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Roibeard Dálach Ó Seachnasaigh
A report on the dearth of freedom and equality in modern Britain “Think like a wise man but express yourself like the common people”
William Butler Yeats
In appearance, at least, the United Kingdom is a parliamentary democracy under the rule of law and with a tradition of freedom and respect for civic rights going back to the Magna Carta. The reality, however, is that Britain is ruled by what can best be described as a mafia-clique that exerts its influence largely from behind the scenes, using a variety of different channels and levers - “twilight politics” as the late Simon Regan referred to it as. An entrenched and wholly undemocratic structure through which all power is exercised, and which retains an effective veto on major policy agenda, largely overshadows the authority of the elected government. Here, I highlight and summarise these official and unofficial centres of power and name the individuals, where it is appropriate, who are part of them. The public continue to be disenfranchised and manipulated, egregiously, by a group of unaccountable, self-serving oligarchs who line their pockets, circumventing both justice and the law, whilst protecting their vested interests under the perverse veneer of respectability and propriety.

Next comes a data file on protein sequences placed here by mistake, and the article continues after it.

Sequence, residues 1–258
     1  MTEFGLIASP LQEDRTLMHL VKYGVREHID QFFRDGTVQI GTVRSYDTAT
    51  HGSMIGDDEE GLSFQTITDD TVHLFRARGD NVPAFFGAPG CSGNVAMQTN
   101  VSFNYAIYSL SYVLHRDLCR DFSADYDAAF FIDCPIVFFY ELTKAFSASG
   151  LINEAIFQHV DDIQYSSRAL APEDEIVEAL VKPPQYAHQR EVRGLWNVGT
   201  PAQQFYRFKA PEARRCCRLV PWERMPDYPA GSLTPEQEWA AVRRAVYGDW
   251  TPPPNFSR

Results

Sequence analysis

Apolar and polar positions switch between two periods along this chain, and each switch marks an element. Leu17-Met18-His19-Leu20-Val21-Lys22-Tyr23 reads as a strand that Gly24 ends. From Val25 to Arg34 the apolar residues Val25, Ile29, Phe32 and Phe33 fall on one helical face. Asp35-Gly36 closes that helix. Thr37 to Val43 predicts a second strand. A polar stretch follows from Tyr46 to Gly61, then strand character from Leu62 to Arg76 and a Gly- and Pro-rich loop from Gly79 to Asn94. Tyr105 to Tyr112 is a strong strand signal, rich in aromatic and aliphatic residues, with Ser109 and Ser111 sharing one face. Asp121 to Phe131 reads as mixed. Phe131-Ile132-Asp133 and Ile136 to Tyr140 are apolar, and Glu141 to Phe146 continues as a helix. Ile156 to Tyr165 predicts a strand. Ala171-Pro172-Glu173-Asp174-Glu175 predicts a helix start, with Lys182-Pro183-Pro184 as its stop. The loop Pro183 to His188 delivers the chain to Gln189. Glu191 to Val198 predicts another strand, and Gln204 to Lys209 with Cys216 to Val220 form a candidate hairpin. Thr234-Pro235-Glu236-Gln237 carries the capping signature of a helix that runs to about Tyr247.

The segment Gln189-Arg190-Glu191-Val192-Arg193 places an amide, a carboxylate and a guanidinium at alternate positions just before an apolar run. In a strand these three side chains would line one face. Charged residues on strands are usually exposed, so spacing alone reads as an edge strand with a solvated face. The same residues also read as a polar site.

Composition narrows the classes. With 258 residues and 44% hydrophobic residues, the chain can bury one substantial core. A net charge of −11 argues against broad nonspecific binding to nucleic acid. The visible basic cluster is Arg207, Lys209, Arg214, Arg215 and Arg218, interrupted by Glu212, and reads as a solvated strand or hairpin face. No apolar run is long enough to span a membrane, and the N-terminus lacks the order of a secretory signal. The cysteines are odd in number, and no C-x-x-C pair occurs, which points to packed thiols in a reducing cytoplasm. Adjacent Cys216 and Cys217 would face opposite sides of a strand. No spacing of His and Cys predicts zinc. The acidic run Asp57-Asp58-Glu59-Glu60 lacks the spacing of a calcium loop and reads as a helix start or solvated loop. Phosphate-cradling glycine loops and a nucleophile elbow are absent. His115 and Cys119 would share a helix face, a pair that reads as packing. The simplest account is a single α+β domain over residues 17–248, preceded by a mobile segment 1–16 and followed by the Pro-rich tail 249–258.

WHAT IS THE ESTABLISHMENT? The Establishment is a term coined by Henry Fairlie and used to refer to the traditional ruling class and the structures of society and institutions that they control. “By the 'Establishment', I do not only mean the centres of official power—though they are certainly part of it—but rather the whole matrix of official and social relations within which power is exercised.” For many, particularly the socially pretentious and intellectually insecure, the Establishment conjours the notion of the cream of high society, whom we should attempt to rub shoulders with. Peter Oborne ,writing in the Spectator,claims that the “The Establishment is dead” and that it has been replaced by what he calls the “Political Class.” However, as the adage goes, the Devil’s greatest lie is that he does not exist. Whatever we wish to call it, it is manifestly clear that the Old Guard really does remain firmly in place, albeit having had to reform itself and accommodate newer liberal and metropolitan interests. The Establishment is pervasive and it is difficult to define it precisely since it lacks any formal organisation as such, being more of a network of interlocking circles of power and privilege. But it maintains a basic consensus and shared purpose in preserving the status quo that enables it to act as if it were a single entity. It is this level of control over the apparatus of the State and the machinery of Government that is the subject of discussion throughout this report.